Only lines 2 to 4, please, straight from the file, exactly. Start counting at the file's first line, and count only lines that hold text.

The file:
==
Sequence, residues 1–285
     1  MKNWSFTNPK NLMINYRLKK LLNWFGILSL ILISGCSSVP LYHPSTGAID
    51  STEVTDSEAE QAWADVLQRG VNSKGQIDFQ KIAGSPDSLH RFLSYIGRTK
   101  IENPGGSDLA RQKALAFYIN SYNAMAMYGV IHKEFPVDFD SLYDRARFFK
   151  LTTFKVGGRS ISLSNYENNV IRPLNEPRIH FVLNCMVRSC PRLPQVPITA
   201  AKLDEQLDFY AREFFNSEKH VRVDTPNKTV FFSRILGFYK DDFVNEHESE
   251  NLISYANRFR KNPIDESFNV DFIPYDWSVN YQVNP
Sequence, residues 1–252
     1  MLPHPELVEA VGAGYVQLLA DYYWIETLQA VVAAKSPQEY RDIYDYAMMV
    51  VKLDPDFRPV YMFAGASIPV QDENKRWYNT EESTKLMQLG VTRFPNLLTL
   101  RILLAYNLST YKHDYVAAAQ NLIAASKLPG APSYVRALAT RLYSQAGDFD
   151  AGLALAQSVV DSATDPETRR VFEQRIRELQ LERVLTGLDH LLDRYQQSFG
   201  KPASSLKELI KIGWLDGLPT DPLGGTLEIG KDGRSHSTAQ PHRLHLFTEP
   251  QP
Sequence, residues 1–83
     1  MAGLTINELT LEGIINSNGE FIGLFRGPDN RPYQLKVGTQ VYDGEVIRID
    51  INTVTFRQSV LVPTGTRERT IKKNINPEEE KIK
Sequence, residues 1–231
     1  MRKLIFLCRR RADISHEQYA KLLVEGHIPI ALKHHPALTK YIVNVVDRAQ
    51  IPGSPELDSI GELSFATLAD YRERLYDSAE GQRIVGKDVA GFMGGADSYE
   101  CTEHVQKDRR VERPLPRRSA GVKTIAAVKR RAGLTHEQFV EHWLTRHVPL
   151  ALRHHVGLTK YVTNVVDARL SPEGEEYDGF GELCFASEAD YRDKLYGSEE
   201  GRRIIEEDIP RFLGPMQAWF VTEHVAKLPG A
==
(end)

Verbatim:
     1  MKNWSFTNPK NLMINYRLKK LLNWFGILSL ILISGCSSVP LYHPSTGAID
    51  STEVTDSEAE QAWADVLQRG VNSKGQIDFQ KIAGSPDSLH RFLSYIGRTK
   101  IENPGGSDLA RQKALAFYIN SYNAMAMYGV IHKEFPVDFD SLYDRARFFK